7. Fifth Doctor era

peter davison

Top Placed Story: The Caves of Androzani (#4)

Lowest Placed Story: Time-Flight (#237)

Average Story Rating: 131.53

Peter Davison’s era as the Fifth Doctor climbs ahead of the First Doctor by virtue of having three stories, The Caves of Androzani, Earthshock and The Five Doctors all placed in the top 25. That he still falls well behind the Doctor in sixth place is because he also has five stories in the bottom 25, Time-Flight, The King’s Demons, Warriors of the Deep, Arc of Infinity and Four to Doomsday. Whether those stories all deserve to be where they place (I have a real soft spot for Four to Doomsday and have never quite been able to find the love for Earthshock that many do) it nevertheless demonstrates that the struggle for consistent storytelling that frustrated Davison himself is reflected in fan opinion of the era.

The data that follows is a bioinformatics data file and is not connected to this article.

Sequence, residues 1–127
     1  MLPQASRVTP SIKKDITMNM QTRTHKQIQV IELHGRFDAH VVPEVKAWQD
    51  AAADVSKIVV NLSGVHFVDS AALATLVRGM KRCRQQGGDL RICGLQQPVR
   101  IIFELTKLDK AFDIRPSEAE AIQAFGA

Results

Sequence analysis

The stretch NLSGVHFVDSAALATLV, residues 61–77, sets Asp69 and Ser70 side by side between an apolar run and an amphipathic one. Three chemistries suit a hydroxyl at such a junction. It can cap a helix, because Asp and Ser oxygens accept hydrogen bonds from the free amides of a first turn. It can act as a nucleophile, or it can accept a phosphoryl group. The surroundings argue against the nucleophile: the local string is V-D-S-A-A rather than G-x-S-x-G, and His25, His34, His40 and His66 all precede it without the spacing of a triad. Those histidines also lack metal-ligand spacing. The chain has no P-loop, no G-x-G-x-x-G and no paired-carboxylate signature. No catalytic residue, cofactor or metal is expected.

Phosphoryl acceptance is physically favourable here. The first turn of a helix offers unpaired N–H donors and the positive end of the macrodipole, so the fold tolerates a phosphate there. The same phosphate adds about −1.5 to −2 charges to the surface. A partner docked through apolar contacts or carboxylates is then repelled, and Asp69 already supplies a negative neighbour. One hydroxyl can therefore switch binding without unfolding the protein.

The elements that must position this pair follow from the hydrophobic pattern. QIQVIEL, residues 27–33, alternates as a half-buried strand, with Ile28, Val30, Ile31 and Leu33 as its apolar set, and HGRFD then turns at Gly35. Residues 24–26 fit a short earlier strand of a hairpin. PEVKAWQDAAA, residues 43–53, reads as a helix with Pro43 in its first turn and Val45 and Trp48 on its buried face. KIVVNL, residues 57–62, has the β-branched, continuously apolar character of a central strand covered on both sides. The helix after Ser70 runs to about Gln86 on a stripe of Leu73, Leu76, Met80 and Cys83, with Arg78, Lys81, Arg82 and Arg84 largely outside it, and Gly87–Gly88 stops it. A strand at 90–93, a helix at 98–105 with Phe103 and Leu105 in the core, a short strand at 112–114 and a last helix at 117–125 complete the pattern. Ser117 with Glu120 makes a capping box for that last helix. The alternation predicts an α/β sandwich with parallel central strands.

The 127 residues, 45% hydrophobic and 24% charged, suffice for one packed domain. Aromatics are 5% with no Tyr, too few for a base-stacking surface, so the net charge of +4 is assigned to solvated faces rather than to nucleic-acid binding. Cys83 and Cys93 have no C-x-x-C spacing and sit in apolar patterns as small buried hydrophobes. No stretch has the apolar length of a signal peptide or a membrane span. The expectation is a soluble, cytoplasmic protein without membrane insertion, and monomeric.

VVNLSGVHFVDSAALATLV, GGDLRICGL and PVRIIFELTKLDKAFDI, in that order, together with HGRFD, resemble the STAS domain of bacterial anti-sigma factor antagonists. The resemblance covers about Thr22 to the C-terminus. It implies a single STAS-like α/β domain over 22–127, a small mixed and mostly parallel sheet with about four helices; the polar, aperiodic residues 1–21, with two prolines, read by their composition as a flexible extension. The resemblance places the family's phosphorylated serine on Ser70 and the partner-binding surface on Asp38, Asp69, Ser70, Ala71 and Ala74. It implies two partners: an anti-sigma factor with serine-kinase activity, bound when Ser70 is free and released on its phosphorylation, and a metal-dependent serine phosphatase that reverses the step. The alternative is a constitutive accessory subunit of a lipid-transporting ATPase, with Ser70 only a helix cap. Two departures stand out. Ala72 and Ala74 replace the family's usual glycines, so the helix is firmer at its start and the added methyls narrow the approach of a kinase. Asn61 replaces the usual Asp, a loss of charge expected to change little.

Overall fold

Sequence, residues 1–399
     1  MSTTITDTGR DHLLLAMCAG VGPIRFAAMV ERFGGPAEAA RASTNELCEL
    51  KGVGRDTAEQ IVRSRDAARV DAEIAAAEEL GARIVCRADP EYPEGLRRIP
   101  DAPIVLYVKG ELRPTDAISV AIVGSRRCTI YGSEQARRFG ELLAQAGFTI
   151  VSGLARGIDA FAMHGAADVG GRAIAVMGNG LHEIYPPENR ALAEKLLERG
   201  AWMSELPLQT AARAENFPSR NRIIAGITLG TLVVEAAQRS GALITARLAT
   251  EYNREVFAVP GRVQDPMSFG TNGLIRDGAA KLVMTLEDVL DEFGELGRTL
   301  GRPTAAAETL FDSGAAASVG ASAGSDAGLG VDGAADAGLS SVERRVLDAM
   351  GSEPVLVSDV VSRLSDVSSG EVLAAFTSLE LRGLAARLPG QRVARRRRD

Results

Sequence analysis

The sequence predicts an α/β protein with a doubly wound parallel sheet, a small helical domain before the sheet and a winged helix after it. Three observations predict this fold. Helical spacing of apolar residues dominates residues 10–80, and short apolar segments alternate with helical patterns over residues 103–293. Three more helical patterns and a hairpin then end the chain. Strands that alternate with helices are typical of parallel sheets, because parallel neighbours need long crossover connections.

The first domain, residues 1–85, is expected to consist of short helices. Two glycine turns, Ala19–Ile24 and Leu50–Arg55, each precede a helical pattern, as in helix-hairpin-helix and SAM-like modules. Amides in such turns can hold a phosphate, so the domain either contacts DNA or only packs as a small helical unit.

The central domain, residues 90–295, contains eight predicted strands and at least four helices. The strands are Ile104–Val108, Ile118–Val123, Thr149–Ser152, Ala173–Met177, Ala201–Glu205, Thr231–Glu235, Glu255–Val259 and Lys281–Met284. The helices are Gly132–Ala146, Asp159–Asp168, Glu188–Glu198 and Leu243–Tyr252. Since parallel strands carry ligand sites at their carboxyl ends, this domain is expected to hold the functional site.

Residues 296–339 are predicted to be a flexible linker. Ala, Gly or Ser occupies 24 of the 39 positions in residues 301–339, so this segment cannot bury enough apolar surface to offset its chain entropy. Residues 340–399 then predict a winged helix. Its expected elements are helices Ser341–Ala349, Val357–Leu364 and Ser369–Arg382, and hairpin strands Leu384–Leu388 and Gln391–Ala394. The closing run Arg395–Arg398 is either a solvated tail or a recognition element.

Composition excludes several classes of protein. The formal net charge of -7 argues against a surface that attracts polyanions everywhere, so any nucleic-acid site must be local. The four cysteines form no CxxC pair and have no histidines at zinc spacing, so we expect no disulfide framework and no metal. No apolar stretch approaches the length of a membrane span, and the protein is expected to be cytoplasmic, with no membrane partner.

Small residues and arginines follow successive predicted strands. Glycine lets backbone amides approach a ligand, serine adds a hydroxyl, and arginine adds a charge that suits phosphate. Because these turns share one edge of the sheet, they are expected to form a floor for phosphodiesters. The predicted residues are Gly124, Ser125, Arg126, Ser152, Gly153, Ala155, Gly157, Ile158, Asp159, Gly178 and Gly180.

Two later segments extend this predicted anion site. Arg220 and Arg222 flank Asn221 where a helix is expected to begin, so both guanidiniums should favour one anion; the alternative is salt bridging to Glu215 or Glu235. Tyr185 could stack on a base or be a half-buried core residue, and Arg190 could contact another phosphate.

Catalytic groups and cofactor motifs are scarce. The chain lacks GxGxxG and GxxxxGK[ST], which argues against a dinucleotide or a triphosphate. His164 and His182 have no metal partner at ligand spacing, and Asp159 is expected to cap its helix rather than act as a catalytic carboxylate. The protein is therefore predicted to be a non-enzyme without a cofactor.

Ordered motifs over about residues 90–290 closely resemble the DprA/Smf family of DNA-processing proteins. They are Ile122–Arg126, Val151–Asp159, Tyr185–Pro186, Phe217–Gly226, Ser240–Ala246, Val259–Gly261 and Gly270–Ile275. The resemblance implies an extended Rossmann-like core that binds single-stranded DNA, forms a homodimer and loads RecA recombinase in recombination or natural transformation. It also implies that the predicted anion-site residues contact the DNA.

6. Eleventh Doctor era

matt smith

Top Placed Story: The Day of the Doctor (#1)

Lowest Placed Story: The Rings of Akhaten (#233)

Average Story Rating: 121.65

When DWM published their poll Matt Smith was just ending his time as the Doctor and his stories were fresh in the mind of fans, but without the sense of nostalgia around older Doctor’s adventures. With that in mind it will be interesting to see how his era rates in future polls. Here he scores well, but is the lowest placed of the new series Doctor eras.

5. Fourth Doctor era

tom baker 3

Top Placed Story: Genesis of the Daleks (#3)

Lowest Placed Story: Underworld (#236)

Average Story Rating: 114.73